• Emily Trotochaud

Pumpkin + Ricotta Ravioli

A pasta recipe?! What's happening?! I've been busy testing cake donuts for Bakealong and have had leftover pumpkin puree in the fridge - so I whipped these up to use up some of the extra puree. I then spent too much of my day trying to upload this recipe to a site other than mine - like a social network-y recipe sharing site, its complicated to explain - and after the third try, realized that maybe this is where it was meant to be. Hope you enjoy!


This recipe makes about 16-20 ravioli, it serves two as a side, or makes a generous single portion (with some leftover for lunch. It takes about 60 minutes to shape the ravioli, and 10-15 to cook.


Egg Pasta Dough (for filled pasta*)

1 large egg

1 egg yolk

1 tsp olive oil

120 g all purpose or 00 flour (about 1 cup)


Pumpkin + Ricotta Ravioli Filling

100 g whole milk ricotta cheese (about 1/2 cup)

50 g pumpkin puree (just under 1/2 cup)

1 tbsp grated parmesan cheese

1/2 tsp finely chopped sage

1/2 tsp aged balsamic vinegar

1 pinch ground nutmeg

1 pinch lemon zest


Brown Butter and Sage Sauce

4 tbsps unsalted butter

15 leaves fresh sage (roughly chopped if larger)

1/2 whole lemon, deseeded

1 handful of parmesan for finishing

1 drizzle aged balsamic for finishing


*Filled pasta dough has extra fat in it, which allows it to bend and stretch over dough better than a whole egg dough.


Pro Tip: Make pasta dough first, while it rests you can make the filling, prep the ravioli making zone and get the water boiling.


To make pasta dough: In a large bowl or in a mound in the center of a counter measure out the flour. Make a hole in the mound, a little bigger than the size of your palm, and add the eggs, yolk and oil. Using a fork, slowly incorporate the eggs into the flour, tapping the edges of the flour to add more as needed. When the dough becomes too dry to mix, dump out onto a lightly floured surface and knead until smooth, at least 5 minutes. If the dough appears dry, mist the dough with a spray bottle or dampen your hands. The dough should get smoother the more you work it. Dough has been kneaded enough when it bounces back when pressed. Find more info about this part here.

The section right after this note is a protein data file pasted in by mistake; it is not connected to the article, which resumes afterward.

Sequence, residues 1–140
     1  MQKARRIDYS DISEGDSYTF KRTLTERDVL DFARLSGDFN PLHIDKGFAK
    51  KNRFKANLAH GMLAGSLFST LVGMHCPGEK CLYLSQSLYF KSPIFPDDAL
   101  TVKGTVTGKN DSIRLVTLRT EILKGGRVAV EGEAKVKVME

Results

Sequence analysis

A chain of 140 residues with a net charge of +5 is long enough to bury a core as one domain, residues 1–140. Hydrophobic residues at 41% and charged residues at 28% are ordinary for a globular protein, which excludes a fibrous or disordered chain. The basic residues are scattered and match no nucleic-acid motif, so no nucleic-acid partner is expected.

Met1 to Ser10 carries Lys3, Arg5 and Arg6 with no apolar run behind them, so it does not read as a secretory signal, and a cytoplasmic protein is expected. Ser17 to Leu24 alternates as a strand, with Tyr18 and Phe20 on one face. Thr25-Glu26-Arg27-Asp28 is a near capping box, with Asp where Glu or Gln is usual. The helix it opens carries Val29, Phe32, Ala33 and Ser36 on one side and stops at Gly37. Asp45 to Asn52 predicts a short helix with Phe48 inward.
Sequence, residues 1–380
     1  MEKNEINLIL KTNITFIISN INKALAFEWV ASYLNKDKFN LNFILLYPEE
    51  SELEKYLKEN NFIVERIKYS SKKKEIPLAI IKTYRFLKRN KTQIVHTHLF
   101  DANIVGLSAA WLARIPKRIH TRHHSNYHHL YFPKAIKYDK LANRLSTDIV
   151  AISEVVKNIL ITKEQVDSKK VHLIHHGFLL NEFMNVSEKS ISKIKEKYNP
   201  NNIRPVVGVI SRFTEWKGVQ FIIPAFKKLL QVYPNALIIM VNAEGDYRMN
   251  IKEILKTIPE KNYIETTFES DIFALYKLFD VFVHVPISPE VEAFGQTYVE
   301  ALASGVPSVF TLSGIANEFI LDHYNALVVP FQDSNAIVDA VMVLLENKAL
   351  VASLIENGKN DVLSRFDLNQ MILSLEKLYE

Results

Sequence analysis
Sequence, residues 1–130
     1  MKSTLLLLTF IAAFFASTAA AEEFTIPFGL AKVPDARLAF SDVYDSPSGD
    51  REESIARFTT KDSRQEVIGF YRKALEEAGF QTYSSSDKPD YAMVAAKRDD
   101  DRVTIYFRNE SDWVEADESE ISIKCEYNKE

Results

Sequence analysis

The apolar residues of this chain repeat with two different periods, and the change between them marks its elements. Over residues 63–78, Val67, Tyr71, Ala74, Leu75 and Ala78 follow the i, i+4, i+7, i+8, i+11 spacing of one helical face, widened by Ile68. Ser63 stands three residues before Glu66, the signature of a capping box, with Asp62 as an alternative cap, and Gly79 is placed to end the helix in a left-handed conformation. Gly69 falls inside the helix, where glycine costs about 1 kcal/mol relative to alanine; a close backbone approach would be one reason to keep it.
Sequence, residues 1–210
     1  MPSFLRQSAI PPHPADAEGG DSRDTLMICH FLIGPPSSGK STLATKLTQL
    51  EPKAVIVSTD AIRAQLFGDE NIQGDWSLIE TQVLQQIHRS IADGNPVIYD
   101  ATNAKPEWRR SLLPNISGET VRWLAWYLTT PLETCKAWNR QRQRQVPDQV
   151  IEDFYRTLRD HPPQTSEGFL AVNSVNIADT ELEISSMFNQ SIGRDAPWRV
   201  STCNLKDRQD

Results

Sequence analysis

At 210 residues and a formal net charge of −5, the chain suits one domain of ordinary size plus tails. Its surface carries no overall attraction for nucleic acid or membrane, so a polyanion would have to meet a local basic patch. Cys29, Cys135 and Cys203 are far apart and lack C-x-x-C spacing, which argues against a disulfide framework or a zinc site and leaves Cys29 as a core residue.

After kneading wrap tightly in plastic wrap and allow it to rest for at least 20 minutes (or up to an hour) at room temperature.


While the dough rests, make the filling. Combine ricotta and pumpkin puree, along with salt, parmesan, balsamic, finely chopped sage leaves, nutmeg, and lemon zest to taste. Both the lemon and nutmeg can easily overpower the other flavors in this filling, so start small and add more if needed. Set aside, or place in a piping bag and chill until needed.


To roll out the dough: Divide dough in half. Set one aside and wrap the remaining back in plastic. Any dough you’re not working with should stay covered so it doesn’t dry out.


Flatten the dough making it about the width of the pasta machine. Making sure its on the widest setting, roll the dough through the machine, catching it with one hand as you roll with the other. Take the dough and trifold it like a letter, so it is about the width of the machine. Turn the dough so one open end faces the machine and roll it through on the widest setting again. This should give you a nice rectangular piece whose width matches that of the machine.